As Public Citizen’s press release regarding the appeal points out, it is common practice for companies to threaten companies and individuals with take-letters in response to legitimate criticism and just as common for the information to be removed to avoid costly litigation.  If abiding by a take-down notice is determined to be a binding agreement, essentially an admission of guilt, such a practice could create numerous problems.  The time it takes for an individual to consult with a lawyer may create an undue delay, creating more severe penalties in the event of a lawsuit.  Further, because of the immediate need to respond to a take-down letter, legal advice might be hurried and less than thorough.  It could lead to information being removed in order to prevent litigation, and because such would create a binding contract, free speech would be greatly infringed upon because, in essence, even a retraction and a correction would be a breach.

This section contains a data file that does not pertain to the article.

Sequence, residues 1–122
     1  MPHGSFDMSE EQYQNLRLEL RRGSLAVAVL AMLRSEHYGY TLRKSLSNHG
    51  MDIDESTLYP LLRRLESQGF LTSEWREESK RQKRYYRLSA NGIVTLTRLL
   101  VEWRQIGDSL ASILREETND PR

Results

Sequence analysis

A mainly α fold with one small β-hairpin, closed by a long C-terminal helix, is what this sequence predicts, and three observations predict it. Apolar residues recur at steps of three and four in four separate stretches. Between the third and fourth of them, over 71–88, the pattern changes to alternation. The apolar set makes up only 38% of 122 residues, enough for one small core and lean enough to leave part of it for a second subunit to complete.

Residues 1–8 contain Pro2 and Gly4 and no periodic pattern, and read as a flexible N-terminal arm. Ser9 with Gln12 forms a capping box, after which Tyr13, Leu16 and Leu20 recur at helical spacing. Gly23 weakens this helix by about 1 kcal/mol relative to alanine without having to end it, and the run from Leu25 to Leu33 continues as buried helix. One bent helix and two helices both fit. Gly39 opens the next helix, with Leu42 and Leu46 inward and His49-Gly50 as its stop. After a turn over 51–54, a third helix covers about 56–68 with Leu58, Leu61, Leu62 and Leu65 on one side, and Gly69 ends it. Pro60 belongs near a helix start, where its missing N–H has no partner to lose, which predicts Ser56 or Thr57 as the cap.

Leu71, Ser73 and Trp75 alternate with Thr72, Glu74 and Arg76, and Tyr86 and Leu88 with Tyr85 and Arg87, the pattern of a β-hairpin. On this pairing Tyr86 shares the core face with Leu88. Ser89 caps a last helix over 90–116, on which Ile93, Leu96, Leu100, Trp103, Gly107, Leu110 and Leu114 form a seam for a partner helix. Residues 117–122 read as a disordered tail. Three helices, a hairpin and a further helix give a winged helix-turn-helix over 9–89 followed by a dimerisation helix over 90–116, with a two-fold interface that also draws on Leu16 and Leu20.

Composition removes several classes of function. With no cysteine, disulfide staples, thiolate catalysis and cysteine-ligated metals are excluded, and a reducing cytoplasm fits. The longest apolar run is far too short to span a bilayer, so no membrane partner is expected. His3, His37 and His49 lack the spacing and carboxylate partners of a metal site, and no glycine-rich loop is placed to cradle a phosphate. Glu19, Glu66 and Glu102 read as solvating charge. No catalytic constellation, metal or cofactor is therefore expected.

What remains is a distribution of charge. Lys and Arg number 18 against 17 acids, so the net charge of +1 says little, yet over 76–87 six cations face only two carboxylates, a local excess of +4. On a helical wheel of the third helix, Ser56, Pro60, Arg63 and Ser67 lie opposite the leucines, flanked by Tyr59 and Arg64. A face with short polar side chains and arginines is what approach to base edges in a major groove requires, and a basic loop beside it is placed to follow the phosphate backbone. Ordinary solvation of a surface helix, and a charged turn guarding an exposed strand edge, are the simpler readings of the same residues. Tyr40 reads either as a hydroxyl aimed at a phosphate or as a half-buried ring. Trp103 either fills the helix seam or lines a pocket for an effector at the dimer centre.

The decision could also increase the number of people who flat out reject take-down letters, since they might be less likely to remove the disputed information if they feel that common sense and justice should be on their side.  Being up against a wall like this, more people might feel obligated to fight the take-down request, causing headaches for those sending out the letters, and in a round about kind of way might actually decrease the number of such requests issued.  As of now, it makes sense for companies and people to send out frivolous take-down notices because the costs are low (most people take the stuff down).  If more people fight the letters, costs will escalate, and those that issue such letters might be forced to pick and choose their battles more carefully.  This would not be such a bad result.

Interpreting the situation as one creating a binding contract ignores the strong first amendment argument that would hold this kind of expression as protected.  To make an end run around the first amendment by characterizing this as an offer and acceptance is most troubling, and likely (I would hope) an argument that will be rejected on appeal.

Advertisements

June 27, 2006

Winnie the Pooh

Filed under: Uncategorized — nick @ 11:27 am